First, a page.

Why have images of St. Dismas been destroyed down thE ages?

The three Abrahamic faiths (Judaism, Christianity and Islam) have long had a problematic relationship with the portrayal of religious figures, with Islam taking a robust a doctrinaire approach, and Judaism mindful of the clear instruction to be found in the Book of Exodus (20:2-5); “I am the Lord your God, who broght you out of the land of Egypt, out of the house of bondage. You shall have no other gods before me. You shall not make for yourself a graven image, or any likenes of anything that is in heaven above, or that is in the eath beneath, or that is in the water under the eath; you shall not bow down to them or serve them…”. Christianity’s position has varied considerably over the last two thousant years, with their being a rich historical tradition of artistic portrayals, often associated with the fact that many Christian believers were illiterate, and thus gained a better understanding of the stories of the scriptures through visual representations in the form of icons, sculpture, wall paintings, carving, and stained glass amongst other means of expression.

At various times there were periods of intense religious fervour and bouts of splenetic self-righteousness that resulted in the wholesale destruction of works of devotion. This iconoclasm (Greek for “image breaking”) had various causes, which in themselves tell us much about the preoccupations of mankind. Let us take for example the so-called Byzantine Iconoclasm which was carried out on the expressed order of Emperor Leo III the Isurian who attributed a series of military setbacks and failures to Divine displeasure, the believed cause of this being the ‘worship’ of religious images, for example, icons. It is important to appreciate that icons are a means by which a person contemplates as a vehicle to prayer. In 730 AD Emperor Leo III banned the ‘worship’ of religious images, with this including the veneration of icons. Some have posited that this controversial move might have aimed at ameliorating and placating Muslim subjects within his Empire. A move of this nature not only resulted in the loss of many examples of religious art, some of which are likely to have featured the Penitent Thief, it also caused considerable distress with leading clerics voicing their criticism of the iconoclasm and resigning in protest, only to be replaced by biddable individuals happy to tow the official line. The Council of Hieria (754 AD) endorsed the Imperial position, and declared religious image worship a blasphemy. Icon worship was again permitted following another religious council, this time at the Council of Nicaea (787 AD). A Second Byzantine Iconoclasm was initiated in 814 AD by Emperor Leo V the Armenian, again triggered by the believed causes of a series of military failures; this lasted 842 AD when yet again both the Byzantine rulers and the Church authorised a volte-face on the issue. What the Byzantines called iconomacy (struggle over images) was not their sole preserve and was going to become just as much of the debate and actions of the churches in Western Europe.

The Good Thief by Michelangelo Cerquozzi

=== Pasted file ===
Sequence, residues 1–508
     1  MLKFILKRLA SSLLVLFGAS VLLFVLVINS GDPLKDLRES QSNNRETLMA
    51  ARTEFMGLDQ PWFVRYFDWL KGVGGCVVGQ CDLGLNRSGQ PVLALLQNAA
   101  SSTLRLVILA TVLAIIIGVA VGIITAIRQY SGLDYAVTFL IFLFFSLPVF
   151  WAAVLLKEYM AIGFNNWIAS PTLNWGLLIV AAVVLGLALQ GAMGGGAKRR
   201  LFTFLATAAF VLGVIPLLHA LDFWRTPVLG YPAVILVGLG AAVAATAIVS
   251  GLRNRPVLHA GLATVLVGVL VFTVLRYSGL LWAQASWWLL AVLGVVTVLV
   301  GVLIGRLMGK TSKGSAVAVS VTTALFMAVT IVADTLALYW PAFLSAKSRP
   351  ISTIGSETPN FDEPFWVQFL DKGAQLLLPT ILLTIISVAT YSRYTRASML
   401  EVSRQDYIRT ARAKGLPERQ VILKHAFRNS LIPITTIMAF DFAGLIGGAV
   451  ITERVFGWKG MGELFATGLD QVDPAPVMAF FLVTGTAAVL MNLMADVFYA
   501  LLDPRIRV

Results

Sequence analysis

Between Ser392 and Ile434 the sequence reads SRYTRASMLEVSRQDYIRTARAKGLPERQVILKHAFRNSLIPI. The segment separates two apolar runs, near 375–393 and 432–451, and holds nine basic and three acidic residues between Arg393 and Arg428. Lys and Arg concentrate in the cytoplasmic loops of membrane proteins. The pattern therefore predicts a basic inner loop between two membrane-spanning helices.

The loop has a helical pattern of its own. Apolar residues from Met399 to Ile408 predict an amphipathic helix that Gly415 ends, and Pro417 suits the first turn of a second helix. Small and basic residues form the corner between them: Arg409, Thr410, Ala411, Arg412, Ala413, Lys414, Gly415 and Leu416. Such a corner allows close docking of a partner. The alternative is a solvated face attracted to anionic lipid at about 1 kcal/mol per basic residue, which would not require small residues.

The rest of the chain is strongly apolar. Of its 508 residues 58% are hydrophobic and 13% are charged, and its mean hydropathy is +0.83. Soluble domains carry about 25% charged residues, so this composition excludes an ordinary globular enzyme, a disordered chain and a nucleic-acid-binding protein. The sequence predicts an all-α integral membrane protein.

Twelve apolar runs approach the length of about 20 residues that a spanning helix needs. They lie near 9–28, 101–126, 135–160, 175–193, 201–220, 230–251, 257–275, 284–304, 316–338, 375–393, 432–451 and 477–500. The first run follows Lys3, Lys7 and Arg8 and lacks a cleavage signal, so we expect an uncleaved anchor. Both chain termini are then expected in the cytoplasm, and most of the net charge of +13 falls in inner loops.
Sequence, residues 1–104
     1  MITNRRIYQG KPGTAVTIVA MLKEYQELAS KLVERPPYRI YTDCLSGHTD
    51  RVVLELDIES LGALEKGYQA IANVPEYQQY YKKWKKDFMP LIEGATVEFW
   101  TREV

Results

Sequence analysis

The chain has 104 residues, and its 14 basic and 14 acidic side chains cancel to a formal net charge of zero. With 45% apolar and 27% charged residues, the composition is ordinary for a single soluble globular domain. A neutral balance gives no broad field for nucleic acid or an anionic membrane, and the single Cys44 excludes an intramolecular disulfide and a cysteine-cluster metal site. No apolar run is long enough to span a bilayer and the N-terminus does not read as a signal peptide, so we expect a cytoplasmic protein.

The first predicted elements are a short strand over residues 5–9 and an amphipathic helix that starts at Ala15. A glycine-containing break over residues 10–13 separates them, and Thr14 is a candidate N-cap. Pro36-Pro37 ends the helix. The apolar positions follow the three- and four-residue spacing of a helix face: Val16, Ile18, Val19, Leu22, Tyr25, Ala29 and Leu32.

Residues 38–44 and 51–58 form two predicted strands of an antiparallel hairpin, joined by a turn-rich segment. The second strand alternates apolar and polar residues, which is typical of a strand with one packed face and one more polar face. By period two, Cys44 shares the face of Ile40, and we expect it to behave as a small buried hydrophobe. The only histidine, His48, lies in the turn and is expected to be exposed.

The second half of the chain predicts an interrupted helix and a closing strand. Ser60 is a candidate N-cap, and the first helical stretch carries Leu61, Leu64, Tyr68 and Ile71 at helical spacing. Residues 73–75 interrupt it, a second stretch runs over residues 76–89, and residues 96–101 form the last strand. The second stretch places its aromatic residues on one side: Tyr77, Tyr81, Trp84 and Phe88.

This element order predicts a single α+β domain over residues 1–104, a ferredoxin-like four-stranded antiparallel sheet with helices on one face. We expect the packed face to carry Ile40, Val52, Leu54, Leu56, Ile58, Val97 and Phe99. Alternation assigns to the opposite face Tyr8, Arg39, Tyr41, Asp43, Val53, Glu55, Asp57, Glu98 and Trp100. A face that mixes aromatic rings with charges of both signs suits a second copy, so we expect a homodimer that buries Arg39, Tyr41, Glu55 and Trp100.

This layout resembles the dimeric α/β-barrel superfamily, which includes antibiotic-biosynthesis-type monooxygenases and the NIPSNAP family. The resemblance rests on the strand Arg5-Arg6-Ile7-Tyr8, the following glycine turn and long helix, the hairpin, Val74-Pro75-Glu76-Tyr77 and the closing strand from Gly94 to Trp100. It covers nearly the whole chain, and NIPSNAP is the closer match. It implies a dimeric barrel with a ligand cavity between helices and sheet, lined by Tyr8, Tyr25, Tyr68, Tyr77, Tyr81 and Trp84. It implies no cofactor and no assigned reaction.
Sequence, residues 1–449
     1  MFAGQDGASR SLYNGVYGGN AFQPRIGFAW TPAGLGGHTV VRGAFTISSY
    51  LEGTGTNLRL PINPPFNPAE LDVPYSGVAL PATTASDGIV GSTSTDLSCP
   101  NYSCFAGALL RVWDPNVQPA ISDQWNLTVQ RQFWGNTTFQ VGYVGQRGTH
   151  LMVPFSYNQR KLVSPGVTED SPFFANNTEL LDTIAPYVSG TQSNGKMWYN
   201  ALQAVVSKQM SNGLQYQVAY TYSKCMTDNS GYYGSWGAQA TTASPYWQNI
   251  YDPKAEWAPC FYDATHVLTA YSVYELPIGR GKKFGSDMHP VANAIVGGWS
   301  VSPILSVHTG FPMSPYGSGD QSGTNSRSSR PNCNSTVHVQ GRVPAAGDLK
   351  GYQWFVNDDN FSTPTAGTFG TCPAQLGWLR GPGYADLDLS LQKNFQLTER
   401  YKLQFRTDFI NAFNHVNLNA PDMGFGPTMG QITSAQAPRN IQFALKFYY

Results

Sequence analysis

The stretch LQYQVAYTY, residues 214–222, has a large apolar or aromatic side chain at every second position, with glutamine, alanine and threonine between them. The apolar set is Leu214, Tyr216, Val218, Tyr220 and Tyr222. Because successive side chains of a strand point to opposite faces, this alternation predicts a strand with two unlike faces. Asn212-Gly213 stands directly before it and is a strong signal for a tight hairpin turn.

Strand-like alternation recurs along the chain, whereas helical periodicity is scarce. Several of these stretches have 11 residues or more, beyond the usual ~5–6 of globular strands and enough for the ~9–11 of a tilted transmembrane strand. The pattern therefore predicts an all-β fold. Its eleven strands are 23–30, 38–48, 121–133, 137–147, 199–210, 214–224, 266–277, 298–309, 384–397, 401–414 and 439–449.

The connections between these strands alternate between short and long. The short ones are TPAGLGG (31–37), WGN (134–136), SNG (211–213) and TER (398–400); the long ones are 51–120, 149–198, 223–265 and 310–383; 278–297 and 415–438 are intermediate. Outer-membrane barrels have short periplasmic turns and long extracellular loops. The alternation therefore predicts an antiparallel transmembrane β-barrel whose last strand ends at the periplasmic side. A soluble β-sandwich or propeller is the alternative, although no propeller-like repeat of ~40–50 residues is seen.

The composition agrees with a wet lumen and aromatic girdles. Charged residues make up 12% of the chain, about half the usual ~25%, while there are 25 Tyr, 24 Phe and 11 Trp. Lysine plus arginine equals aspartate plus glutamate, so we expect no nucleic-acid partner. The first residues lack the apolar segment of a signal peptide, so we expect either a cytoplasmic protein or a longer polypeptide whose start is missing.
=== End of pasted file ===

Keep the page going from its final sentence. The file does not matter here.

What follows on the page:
Whilst the iconoclasm of the Byzantine Empire was driven and authorised by those at the apex of power, namely the Emperor, in the West, those arguing for change were lowly monks and clergy, theologians, academics and those who viewed the Pope as someone heading up a church in desperate need of reform. Some people were firmly of the opinion that the Roman Pontiff, as one who was at the Head of a Church that had permitted centuries of the accumulation or wealth and religious and secular power to obscure and corrupt the true nature and message of Christianity. These Reformers or Protestants as they became known were for a simpler form of worship, in buildings freed from the distractions that might foster idolatry and the cult of saints. Martin Luther (1483-1546) a key figure in the Protestant Reformation spoke of the need for a Bild sturm (Picture storm) that would see the removal or destruction of that which might distract worshippers or be a focus of excessive veneration or idolatry. As the Reformation took hold attitudes varied, the Lutherans took a milder line over religious imagery, whilst follows of Calvin and Zwingli were determined to destroy and expunge every last vestige of that which might result in idolatry or superstition. On Continental Europe countless works of devotional art were destroyed, similarly in England the Dissolution of the Monasteries witnessed state vandalism on an extraordinary scale, with later Protestants determined to ensure that even the smallest of places of worship had not been visited and ‘cleansed’ of what were believed to be Popish fixtures and fittings. Rood screens were pulled down and burnt, wall paintings whitewashed over, and statues disfigured, and Roman missals destroyed. One cannot help wondering how many visual representations of Dismas were lost. Later anti-clerical movements in France, Spain, Russia etc. did no end of damage.

We would do well to reflect on that which has been to iconoclasm, whether this be driven by religion or of regimes such as those that existed post-revolutionary Russia that seemed hell-bent on denigrating and destroying the Church and any form of religious observance. Suffice it to say that the flame of faith has not been extinguished. Enough has survived to set the curious thinking about the thief who turned to Christ.

Scripture quotation from the Revised Standard Version of the Holy Bible.

Painting image courtesy of Wikimedia Commons. Image of the journal cover taken by the author.

Recommended reading: Icons and Iconoclasm in Byzantium www.metmuseum.org/toah/hd/icon/hd_icon.htm

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